Imagine a dinner table the length of the Third Street Bridge. Envision it packed with Daytonians from every pocket of the city. At this table, UpDayton and other interested parties can help serve a meal and challenge participants to re-think their assumptions about other parts of town and the people who live there. Volunteers will figure out how to bring this huge meal to life, how to inspire impactful dialogue, and how to fill the table with people who believe in a more open, connected Dayton.
“What’s better than having folks come together to break bread with strangers and talk about the future of Dayton?” says Bryan Stewart, The Longest Table Project organizer.
Stewart says he came up with the idea when a colleague reached out to him and showed him a similar event that happened last fall in Tallahassee, Fla. Stewart talked with organizers in Florida to learn how they planned the event.
Stewart pitched the idea, based on a similar event that took place in Tallahassee last fall, at the UpDayton Summit, an annual conference in which attendees vote on which community-based projects will receive $1,000 and assistance from UpDayton. Stewart was one of three winners at this year’s conference in April. Of course, $1000 doesn’t cover the cost of this project, so donations are welcome and the team will also be guest bartending tonight at Fifth Street Brewpub starting at 6pm.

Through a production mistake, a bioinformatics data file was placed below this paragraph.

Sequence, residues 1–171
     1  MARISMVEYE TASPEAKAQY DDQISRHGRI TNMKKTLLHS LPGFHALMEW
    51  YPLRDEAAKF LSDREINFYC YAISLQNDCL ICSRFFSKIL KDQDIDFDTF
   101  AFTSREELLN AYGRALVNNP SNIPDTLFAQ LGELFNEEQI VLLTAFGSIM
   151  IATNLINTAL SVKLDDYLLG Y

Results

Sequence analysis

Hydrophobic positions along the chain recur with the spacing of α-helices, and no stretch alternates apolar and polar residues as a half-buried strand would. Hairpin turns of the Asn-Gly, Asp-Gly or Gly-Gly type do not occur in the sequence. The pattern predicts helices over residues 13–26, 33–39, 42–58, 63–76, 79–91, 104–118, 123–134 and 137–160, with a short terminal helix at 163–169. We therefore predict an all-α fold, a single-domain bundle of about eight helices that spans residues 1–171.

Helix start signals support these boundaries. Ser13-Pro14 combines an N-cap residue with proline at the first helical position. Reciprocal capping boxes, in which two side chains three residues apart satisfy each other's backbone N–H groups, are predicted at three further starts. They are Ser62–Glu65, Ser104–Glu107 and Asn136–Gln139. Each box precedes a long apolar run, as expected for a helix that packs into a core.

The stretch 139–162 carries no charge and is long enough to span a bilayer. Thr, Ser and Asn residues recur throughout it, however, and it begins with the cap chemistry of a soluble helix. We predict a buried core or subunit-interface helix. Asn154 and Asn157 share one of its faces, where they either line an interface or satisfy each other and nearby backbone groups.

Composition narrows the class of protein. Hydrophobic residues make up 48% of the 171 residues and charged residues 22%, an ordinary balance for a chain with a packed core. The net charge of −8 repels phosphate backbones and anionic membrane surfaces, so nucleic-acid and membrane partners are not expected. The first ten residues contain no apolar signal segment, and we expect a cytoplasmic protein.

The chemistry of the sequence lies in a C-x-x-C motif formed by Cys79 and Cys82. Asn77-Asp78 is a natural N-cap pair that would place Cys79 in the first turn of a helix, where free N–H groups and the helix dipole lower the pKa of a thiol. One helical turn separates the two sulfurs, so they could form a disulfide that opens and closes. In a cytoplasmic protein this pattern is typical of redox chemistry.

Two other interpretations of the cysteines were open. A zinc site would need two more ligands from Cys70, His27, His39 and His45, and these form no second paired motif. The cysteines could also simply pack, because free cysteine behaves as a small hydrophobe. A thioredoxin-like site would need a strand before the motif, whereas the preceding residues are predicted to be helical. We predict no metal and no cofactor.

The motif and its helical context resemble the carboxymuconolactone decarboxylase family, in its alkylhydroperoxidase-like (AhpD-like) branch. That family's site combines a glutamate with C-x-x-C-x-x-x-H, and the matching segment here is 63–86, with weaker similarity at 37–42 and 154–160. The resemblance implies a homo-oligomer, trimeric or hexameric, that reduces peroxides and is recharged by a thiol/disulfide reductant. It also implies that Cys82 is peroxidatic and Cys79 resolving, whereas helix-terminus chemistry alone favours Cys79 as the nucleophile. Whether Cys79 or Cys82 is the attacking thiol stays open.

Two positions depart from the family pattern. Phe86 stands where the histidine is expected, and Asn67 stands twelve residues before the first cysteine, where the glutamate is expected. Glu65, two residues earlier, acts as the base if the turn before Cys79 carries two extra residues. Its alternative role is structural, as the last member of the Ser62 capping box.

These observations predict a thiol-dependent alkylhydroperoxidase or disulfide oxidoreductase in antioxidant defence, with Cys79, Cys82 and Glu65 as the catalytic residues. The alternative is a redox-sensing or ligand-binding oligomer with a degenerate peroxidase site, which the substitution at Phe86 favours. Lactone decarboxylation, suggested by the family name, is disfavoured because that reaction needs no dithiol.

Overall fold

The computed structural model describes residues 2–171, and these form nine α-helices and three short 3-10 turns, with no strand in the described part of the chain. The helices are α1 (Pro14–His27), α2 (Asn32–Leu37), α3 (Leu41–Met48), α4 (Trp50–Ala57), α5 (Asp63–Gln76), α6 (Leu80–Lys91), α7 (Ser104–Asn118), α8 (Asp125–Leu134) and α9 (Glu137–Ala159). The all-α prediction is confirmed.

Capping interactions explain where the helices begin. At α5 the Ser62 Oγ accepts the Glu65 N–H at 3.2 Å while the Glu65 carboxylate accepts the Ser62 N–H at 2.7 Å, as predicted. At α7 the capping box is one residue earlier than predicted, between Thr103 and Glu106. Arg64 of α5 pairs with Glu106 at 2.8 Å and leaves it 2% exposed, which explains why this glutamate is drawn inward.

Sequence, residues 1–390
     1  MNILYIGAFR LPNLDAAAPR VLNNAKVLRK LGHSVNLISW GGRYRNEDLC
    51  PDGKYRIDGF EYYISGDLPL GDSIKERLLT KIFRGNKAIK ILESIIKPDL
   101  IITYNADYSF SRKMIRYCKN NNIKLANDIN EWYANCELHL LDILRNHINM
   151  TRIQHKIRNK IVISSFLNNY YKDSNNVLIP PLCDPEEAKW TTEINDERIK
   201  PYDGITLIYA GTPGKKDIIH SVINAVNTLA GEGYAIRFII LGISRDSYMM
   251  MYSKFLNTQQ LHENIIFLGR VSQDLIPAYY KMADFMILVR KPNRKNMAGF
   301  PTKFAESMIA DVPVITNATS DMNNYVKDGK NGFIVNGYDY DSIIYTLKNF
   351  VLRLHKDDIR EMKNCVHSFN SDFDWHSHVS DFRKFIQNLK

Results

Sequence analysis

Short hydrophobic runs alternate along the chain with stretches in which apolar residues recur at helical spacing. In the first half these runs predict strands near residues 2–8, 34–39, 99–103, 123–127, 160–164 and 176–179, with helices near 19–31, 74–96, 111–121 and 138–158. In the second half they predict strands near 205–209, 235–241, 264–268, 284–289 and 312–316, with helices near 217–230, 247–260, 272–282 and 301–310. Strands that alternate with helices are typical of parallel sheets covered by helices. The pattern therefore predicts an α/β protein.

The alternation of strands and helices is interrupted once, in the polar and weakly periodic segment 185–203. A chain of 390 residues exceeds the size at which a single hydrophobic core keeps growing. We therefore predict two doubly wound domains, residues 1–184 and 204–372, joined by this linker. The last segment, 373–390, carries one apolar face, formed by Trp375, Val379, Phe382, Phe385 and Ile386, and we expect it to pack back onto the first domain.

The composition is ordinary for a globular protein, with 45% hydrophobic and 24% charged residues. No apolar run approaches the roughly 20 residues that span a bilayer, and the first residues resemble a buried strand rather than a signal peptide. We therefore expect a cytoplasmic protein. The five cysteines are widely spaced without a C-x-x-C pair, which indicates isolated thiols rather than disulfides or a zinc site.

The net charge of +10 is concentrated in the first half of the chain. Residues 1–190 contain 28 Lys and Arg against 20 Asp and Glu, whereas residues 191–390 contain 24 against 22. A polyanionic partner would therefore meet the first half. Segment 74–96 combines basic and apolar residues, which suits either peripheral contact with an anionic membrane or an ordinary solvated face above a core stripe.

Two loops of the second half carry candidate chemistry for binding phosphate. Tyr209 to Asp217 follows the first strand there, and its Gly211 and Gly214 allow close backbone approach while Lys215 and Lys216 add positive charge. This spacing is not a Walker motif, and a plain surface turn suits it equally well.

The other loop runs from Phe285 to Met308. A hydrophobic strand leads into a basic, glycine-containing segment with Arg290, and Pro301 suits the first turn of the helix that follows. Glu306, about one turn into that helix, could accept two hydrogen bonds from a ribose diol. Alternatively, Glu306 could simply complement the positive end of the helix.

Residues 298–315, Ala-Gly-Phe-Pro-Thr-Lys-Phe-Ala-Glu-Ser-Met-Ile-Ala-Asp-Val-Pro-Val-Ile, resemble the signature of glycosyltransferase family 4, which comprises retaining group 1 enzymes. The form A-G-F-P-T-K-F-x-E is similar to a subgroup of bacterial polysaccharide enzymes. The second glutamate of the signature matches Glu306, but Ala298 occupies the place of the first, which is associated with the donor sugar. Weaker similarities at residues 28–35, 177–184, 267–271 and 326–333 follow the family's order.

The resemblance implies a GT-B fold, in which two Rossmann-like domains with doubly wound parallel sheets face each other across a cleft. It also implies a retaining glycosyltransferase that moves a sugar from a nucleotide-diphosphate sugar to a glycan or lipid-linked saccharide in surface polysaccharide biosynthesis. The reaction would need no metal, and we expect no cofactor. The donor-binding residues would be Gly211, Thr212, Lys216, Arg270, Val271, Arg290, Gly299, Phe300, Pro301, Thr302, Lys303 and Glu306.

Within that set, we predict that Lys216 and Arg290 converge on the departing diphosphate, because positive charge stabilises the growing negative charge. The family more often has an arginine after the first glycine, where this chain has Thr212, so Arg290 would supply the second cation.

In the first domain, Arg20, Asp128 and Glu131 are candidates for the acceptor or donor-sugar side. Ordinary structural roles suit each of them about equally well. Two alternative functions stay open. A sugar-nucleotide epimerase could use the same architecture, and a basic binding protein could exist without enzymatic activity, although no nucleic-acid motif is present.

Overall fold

A team of volunteers has been working for months to work on the logistics, the food donations, and getting a diverse group of Miami Valley residents to the table.
Volunteer Julio Mateo decided to join the Longest Table after attending the UpDayton summit. Mateo is on the dialogue committee, which develops ways for people to start conversation. For example, the table will be lined with placemats with questions on them. One question may be, “What’s your favorite part about your neighborhood? How can you make it even better?”
“We’re trying to create questions that can help people initiate conversations or that can lead people from just meeting a brand new person to working together on ways Dayton can be more forward,” says Mateo.
Of course to pull this off, hundreds of volunteers will be needed, for set up, helping with parking, table hosts, and of course clean up. Sign up to volunteer here.